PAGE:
[b:80348fc89e][size=18:80348fc89e]170,000 to benefit from wage rise [/size:80348fc89e][/b:80348fc89e]
19 October 2005

At least 170,000 people will be in for a $75 a week pay rise within three years, with the minimum wage set to rise from $9.50 to $12 an hour. But employers, who are facing a $660 million increase to their annual wage bill, are warning prices will rise as a result.

As a part of NZ First's deal to support the Labour-led Government, the minimum wage will be raised to $12 an hour by 2008. For somebody working a 40-hour week on the minimum wage, this amounts to an extra $100 a week before tax, taking their salary up to $480. The minimum youth wage, which is set at 80 per cent of the minimum adult wage, will rise from $7.60 to $9.60.

Statistics New Zealand said that in the June quarter there were 169,800 adults working at least 30 hours a week and earning between $9.50 and $12. This is 13.6 per cent of the workforce aged 18 and over and working fulltime. This means businesses will have to pay at least an extra $660 million in wages.

How the 26 per cent wage rise will be implemented is not known, but it is expected to be phased in over three years. Employers said that if people earning $9.50 get a pay rise, those earning $12 will expect their wages to increase by the same amount. Many workers in the $9.50 to $12 an hour pay bracket are in service industries such as supermarkets and cafes.

The co-owner of Kapiti Pak 'n' Save, Peter Anderson, said it would have a big impact in wage costs and prices across the board.

"It's not just raising the minimum wage, its the effect it has on the levels above that as well. If an unskilled person who has just joined is earning $12 an hour, then somebody who's been with us a couple of years and is earning a bit more than that will expect a rise as well. It's going to have quite a significant effect, and I cannot see any way that it won't flow through into consumer goods."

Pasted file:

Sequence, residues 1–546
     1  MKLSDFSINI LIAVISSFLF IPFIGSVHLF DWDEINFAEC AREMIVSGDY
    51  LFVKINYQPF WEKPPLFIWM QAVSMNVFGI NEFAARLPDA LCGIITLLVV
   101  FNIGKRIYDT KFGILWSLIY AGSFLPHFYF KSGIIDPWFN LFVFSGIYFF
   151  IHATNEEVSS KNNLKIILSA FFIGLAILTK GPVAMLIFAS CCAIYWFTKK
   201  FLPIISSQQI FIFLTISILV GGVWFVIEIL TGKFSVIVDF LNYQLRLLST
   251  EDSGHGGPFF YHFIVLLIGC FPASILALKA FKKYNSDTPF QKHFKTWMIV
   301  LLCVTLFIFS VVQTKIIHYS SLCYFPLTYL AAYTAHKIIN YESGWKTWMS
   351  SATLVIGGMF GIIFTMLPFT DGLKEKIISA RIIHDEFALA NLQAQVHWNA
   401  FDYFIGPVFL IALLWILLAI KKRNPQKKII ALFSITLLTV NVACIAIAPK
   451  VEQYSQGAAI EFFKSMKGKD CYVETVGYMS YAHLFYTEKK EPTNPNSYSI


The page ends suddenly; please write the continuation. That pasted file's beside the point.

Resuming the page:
Council of Trade Unions chief executive Ross Wilson, said the rise is an important step in boosting New Zealand's economy. "We do have jobs that are highly skilled but are appallingly paid, such as aged care."

Mr Wilson said it is important to have the rise work alongside programmes to train workers for higher skilled jobs.

"It may result in some changes to the way work is done in places like supermarkets but we need to accept people are entitled to a living wage."

He said the minimum wage has already increased by more than 36 per cent over the last few years, without inflation increasing by the same amount.

Economists are picking overall small impact to the economy, assuming the increase is introduced gradually. "With the tight labour market that we have at the moment, this is just one way that it is manifesting itself," said BNZ chief economist Tony Alexander.

The chief executive of the Employers and Manufacturers Association central region Paul Winter said "we are keen to see New Zealand become a better paying country but there's real risks when you do it by legislation."

The minimum wage was raised 5.6 per cent in March, to the current $9.50 for adult and $7.60 for youth rates.